The C-word itself is scary. And, when it hits children it can be really bad. There is hope even if it’s fragile. The truth is Cancer occurs in people of all ages and children are no exception. Cancer in children is curable if there is early intervention. Recent studies point out that over three lakh children are diagnosed with cancer all over the world every year. In India, more than 50,000 new childhood cancer cases are detected each year and this is about 20 % of pediatric cancers reported across the globe. The Population-Based Cancer Registry (PBCR) report 2012-14 reveals that childhood cancer in India accounts for 0.7 % -4.4 % of total cancer diagnoses. This is almost similar to the 0.5 % -5.8 % range shown in the previous PBCR report of 2009-11. Pediatric cancers may be broadly divided into HEMATOLOGICAL (blood) MALIGNANCY AND SOLID TUMOR MALIGNANCY. ACUTE LYMPHOBLASTIC LEUKEMIA (ALL), and ACUTE MYELOID LEUKEMIA (AML) are the common types of pediatric cancers. ALL is a cancer of white blood cells. The abnormal white blood cells, which form in the bone marrow quickly move through the bloodstream and drive out healthy cells. This can cause the chances of infection and other health issues. Lymphoblastic Leukemia affects the B cells and T cells in the immune system. AML is a type of blood cancer, where the bone marrow makes too many immature white blood cells. This is the most common pediatric cancer, and approximately 50% of childhood cancer fall under this category. Other types of cancers that are common in children include LYMPHOMAS, CHILDREN’S BRAIN, SPINAL CORD TUMORS, NEUROBLASTOMA, WILMS TUMOR, RHABDOMYOSARCOMA, RETINOBLASTOMA, and BONE CANCERS like EWINGS and OSTEOSARCOMA.
The causes of childhood cancers remain unknown. Several studies have shown that changes or mutations in the DNA inside our cells can contribute to the production of cancer cells. Researchers have also found that 5%-10 % of childhood cancers are caused due to genetic factors which can be inherited or acquired.
Generally, childhood cancer has a better potential for cure compared to similar adult cancers. For example, ALL has an overall recovery rate of 45% –81 % compared to 40-60% in adults. In Amrita Hospital, we have found that the survival rate of ALL is similar to the survival rate prevalent in developed countries. Managing pediatric cancer usually involves a multidisciplinary team. “We have specialized subunits dealing with various aspects of treatment. These include treatments like cellular therapy (like allogeneic and autologous stem cell transplant), high dose chemotherapy units, Radiotherapy therapies including Radiosurgery (CyberKnife), and Radionuclide therapy (eg MIBG scans). Supportive pediatric specialty and subspecialties of the hospital also help in the management and delivering the best outcome,” says Dr. Nikhil Krishna Haridas; Assistant Professor, and Consultant; Medical Oncology and Hematology; Amrita Hospital.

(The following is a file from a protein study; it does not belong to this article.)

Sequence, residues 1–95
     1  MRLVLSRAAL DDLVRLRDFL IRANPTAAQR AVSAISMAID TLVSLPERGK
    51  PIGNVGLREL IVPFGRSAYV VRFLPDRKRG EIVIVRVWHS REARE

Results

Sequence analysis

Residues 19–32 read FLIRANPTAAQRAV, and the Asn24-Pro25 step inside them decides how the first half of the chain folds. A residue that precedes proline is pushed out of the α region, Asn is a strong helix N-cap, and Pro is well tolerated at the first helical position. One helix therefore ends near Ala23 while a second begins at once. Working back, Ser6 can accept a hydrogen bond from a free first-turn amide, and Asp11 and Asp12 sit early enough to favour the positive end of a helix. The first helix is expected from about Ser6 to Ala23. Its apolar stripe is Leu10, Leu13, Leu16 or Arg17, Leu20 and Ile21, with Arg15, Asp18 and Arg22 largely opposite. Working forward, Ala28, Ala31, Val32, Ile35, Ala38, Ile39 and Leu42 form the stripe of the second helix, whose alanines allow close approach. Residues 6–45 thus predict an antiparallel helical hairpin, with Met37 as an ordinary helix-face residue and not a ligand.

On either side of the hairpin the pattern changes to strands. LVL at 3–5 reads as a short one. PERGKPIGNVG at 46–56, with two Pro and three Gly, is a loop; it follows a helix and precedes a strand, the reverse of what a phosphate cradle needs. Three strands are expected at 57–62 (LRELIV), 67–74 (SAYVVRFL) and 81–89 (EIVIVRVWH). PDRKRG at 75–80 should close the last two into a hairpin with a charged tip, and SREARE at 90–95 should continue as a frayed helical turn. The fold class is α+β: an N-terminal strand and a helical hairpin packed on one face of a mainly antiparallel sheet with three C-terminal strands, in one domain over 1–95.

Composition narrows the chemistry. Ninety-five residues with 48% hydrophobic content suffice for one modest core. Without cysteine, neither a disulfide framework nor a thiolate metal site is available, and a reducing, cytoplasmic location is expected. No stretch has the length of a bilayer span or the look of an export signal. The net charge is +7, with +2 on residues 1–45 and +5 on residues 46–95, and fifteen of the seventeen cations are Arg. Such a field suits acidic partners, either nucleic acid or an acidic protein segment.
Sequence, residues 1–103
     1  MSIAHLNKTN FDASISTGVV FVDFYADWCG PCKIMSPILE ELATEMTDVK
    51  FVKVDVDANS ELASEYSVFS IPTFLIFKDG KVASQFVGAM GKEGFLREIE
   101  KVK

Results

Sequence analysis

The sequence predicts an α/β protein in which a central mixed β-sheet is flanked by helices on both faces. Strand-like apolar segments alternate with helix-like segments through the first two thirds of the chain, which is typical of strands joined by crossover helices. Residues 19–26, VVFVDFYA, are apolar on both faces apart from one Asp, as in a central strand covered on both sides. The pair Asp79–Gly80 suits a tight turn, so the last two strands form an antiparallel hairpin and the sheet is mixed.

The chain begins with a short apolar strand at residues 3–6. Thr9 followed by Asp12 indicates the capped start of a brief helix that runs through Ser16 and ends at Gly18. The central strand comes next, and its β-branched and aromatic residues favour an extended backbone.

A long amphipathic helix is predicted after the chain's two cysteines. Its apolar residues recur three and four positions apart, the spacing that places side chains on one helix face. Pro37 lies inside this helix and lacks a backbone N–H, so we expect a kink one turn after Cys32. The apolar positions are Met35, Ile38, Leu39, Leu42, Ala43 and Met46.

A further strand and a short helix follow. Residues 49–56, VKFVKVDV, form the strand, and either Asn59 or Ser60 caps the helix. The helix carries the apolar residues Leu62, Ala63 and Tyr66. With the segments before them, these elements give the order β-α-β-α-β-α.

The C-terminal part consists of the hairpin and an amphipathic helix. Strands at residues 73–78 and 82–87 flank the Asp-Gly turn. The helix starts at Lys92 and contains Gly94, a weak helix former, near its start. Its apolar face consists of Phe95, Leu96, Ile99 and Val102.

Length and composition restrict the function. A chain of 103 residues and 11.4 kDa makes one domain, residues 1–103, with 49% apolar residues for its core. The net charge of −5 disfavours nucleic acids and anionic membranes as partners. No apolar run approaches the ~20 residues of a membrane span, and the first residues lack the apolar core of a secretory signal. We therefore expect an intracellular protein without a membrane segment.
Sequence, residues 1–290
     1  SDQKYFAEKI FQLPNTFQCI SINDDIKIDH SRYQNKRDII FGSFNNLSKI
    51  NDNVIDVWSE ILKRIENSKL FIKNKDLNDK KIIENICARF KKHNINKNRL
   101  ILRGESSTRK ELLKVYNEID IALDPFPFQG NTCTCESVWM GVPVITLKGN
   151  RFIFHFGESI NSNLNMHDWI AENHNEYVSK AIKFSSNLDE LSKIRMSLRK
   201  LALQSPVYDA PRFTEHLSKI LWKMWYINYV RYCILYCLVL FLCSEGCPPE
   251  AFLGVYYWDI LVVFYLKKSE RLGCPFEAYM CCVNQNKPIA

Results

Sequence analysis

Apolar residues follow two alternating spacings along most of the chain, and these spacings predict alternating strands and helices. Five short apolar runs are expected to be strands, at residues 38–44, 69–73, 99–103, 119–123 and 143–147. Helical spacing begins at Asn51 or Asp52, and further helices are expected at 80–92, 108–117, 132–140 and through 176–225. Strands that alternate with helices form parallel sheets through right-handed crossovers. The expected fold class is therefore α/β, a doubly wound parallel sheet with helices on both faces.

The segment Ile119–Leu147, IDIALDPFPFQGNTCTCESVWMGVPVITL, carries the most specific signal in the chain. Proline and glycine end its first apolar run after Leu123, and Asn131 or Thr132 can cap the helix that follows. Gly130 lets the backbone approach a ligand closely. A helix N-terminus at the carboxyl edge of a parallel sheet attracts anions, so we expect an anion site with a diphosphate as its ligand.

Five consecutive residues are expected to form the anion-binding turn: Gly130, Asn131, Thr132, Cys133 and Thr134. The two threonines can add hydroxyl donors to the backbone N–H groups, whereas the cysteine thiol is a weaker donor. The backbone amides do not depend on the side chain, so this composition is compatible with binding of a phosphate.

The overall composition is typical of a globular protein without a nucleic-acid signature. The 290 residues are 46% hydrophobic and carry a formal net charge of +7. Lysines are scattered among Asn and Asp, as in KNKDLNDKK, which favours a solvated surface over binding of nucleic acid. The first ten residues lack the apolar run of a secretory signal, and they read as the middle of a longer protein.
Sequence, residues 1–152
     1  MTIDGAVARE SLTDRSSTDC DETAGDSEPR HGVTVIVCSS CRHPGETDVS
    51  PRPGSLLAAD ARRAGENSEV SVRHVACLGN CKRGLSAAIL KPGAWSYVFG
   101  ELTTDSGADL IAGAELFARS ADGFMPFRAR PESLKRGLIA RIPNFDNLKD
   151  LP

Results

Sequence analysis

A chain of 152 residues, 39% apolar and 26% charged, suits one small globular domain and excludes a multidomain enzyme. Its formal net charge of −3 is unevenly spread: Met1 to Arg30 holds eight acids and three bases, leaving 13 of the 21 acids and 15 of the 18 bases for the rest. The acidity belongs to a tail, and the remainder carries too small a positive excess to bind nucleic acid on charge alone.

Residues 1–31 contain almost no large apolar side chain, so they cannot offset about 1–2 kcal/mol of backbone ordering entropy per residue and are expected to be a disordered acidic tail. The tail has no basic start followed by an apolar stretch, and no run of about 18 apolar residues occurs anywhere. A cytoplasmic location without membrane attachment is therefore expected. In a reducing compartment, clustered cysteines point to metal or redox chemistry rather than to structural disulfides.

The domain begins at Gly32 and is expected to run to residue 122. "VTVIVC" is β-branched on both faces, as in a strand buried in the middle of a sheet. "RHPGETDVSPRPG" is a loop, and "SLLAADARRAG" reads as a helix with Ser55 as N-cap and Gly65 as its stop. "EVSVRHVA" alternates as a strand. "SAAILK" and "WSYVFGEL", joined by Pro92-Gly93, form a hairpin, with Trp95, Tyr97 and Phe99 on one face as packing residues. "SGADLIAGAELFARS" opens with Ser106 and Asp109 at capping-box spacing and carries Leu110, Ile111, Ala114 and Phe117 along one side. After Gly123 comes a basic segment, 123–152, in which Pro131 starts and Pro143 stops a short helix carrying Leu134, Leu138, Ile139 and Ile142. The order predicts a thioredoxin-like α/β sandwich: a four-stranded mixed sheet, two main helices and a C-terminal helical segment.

Can children with cancer lead healthy lives
Yes. Early detection and treatment can help children recover from cancer and treatment-related issues. Cancer and its treatments will have a different impact on the growing bodies of children than that of the adult body, and the bodies of children could respond differently to cancer therapy. Long-term side effects may happen even when the disease is in remission and the child has been cancer-free for years. These problems are called late effects. At least two out of three cancer survivors will develop one late effect at some point. With early diagnosis and proper follow-up care, most late effects can be treated or cured. Common late effects include the following -learning disorders, abnormal bone growth, hearing loss, vision problems, dental problems, lung, liver, kidney, and heart problems. Delayed sexual development and fertility issues. Increased risk of future cancers. Regular follow-up and early recognition of signs and symptoms could mitigate some of the late effects.
Precautions for Prevention
BEFORE AND DURING PREGNANCY
- Adapt behaviors that help to lower cancer risk
- Avoid alcohol and tobacco
- Ensure enough physical activity
- Ensure safe, stable, nurturing relationships and environments for all children and families
- Reduce exposure to traffic-related air pollution
- Reduce harmful exposures; avoid exposure to harmful chemicals
- Restricting exposure to the radiation used during certain medical tests, like CT (computed tomography) scans.
- Take adequate folic acid during pregnancy
AFTER CHILDBIRTH AND CHILDCARE
- Keep children away from second-hand smoke
Prevent adverse childhood experiences and trauma Consult your doctor for a detailed medical examination and treatment.